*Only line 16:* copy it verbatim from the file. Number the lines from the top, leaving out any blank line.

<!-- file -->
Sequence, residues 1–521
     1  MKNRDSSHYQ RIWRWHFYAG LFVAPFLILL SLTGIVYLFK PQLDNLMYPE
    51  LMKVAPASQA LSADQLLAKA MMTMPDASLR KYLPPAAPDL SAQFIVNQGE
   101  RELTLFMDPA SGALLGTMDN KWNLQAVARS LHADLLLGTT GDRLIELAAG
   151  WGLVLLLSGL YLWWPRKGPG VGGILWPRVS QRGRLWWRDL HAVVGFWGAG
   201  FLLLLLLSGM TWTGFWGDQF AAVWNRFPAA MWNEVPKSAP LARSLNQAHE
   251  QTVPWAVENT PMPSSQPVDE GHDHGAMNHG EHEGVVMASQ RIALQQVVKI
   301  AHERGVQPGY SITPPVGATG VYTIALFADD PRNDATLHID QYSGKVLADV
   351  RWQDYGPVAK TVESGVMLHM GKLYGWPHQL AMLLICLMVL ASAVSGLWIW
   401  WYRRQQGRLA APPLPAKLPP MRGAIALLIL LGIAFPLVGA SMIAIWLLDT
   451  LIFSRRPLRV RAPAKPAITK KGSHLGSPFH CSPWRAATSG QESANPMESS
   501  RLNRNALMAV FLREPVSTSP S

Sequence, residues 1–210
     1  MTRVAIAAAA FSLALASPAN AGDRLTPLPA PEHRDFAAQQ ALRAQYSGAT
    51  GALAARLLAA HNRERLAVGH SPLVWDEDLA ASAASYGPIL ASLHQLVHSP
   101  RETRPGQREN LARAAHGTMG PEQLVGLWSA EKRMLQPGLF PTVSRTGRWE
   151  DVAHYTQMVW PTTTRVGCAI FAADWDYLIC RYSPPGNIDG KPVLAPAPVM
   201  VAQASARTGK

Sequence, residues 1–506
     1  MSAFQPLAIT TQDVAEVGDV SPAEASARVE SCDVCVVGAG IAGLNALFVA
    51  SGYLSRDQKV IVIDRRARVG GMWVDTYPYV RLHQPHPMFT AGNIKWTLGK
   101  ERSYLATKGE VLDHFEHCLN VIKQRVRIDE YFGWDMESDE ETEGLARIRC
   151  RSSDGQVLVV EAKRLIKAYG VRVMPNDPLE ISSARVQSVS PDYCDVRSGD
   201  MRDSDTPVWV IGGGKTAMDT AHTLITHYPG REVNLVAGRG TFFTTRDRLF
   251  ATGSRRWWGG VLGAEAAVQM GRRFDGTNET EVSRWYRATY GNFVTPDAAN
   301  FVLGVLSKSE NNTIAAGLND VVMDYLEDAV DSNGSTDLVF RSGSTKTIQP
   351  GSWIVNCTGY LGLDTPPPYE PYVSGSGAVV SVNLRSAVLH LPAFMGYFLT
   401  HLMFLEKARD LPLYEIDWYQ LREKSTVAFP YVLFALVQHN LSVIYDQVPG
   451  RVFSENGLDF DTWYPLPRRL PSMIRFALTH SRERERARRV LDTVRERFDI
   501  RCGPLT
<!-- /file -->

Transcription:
   101  RETRPGQREN LARAAHGTMG PEQLVGLWSA EKRMLQPGLF PTVSRTGRWE